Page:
Seems reasonably close to how Chord DAVE with Prescaler works, except all its computation is done in FPGAs. About $25k for that setup. Can't afford anything like that here, but would sure like to hear one sometime.

AK4137 can sound pretty good although not as good as the best from HQ Player. As I have said before it was hard to get it sounding its best in combination with ES9038Q2M.

Maybe easier with AK4499, don't know. Would like to find out at some point. There is an AK4137 on AK4499 eval board, but only for use with SPDIF and TOSLINK inputs. Would have to hack into the PCB a little to bring in I2S.
 
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lasercut

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2017-12-19 4:35 pm
Ok, there is a better way to do this at the cost of being kind of inconvenient as a volume control.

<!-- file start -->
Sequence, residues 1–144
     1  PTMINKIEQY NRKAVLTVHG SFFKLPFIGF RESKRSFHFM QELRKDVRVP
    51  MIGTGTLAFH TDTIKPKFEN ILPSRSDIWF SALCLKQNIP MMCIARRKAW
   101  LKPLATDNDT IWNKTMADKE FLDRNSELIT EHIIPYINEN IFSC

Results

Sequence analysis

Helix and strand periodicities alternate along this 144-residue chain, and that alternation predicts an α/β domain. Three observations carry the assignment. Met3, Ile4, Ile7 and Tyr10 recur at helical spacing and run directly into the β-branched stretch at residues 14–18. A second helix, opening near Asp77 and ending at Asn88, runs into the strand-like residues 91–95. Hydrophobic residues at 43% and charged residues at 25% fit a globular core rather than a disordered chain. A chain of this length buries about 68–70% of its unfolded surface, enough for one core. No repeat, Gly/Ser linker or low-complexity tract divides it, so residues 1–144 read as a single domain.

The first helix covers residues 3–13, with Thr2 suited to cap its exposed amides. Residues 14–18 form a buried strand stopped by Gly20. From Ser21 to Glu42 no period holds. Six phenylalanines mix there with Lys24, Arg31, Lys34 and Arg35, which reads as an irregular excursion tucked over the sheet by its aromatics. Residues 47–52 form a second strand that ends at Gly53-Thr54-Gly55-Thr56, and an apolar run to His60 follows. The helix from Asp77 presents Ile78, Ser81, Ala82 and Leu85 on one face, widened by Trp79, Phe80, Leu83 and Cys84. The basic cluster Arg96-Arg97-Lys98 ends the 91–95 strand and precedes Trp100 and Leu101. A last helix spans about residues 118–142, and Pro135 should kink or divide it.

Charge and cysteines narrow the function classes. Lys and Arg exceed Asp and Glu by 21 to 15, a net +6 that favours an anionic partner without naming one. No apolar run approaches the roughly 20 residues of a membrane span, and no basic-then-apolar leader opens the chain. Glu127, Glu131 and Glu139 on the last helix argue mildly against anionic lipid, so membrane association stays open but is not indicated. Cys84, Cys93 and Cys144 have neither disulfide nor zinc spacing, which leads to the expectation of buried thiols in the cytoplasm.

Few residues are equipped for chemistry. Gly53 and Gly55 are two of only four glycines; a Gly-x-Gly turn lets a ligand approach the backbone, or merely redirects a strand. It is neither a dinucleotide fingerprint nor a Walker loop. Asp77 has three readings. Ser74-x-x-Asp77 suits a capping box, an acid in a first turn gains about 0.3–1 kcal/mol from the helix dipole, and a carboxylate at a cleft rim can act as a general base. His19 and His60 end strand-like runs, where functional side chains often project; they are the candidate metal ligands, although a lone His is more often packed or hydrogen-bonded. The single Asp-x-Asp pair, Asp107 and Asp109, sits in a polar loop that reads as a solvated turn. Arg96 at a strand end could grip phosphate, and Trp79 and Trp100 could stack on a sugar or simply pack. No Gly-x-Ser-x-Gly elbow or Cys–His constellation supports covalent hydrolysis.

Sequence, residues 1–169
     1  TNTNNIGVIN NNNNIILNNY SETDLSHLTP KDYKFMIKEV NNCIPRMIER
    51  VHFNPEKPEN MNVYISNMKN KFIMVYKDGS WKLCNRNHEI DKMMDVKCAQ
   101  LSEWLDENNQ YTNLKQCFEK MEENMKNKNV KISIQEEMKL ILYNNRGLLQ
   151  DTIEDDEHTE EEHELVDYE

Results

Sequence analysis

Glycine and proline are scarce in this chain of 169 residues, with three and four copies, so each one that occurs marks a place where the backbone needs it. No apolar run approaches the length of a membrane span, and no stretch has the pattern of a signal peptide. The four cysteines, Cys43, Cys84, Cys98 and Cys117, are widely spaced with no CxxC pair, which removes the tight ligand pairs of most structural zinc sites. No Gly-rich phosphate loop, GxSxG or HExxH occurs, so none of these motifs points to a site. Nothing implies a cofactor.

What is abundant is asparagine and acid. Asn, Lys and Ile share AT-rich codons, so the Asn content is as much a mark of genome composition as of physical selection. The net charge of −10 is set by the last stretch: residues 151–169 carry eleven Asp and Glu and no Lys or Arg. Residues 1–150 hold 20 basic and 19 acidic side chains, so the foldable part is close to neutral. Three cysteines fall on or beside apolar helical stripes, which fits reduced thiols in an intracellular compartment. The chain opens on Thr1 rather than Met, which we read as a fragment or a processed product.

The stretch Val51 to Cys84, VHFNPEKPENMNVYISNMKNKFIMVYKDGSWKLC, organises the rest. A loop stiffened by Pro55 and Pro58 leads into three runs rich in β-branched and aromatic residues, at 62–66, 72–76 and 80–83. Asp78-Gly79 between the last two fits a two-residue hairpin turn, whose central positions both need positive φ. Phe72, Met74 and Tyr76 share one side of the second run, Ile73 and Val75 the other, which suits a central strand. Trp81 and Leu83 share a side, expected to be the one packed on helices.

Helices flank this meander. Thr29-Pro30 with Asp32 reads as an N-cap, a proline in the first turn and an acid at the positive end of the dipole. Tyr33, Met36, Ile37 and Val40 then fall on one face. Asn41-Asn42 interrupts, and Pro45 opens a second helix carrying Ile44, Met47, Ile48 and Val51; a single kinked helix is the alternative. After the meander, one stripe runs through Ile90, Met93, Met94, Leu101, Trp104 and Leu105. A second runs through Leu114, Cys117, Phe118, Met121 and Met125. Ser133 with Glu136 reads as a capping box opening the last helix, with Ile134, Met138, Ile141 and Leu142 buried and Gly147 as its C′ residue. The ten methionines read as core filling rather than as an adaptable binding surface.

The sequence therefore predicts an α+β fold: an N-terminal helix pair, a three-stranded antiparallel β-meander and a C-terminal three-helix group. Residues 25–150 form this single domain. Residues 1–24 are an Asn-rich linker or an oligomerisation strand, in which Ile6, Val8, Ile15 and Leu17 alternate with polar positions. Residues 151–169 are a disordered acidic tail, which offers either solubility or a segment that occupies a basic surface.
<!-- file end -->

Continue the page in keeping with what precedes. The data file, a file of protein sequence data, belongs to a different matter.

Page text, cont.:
Instead of a switch I will use a 2x4 pin header socket joined to the 4 op amp outputs and 4 DAC outputs, for a given volume level there will be a 2x4 pin header plug with the I/V resistors in place to link each pair of pins.
As mentioned already the max value I/V resistor will bypass the pin header to avoid pops when changing resistors, only music must be paused to avoid playing at max volume.
 
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Ok, there is a better way to do this at the cost of being kind of inconvenient as a volume control.
Instead of a switch I will use a 2x4 pin header socket joined to the 4 op amp outputs and 4 DAC outputs, for a given volume level there will be a 2x4 pin header plug with the I/V resistors in place to link each pair of pins.
As mentioned already the max value I/V resistor will bypass the pin header to avoid pops when changing resistors, only music must be paused to avoid playing at max volume.

What about adjusting the opamp input offset voltage (Vref) for minimum distortion for each I/V resistor? Another jumper for that?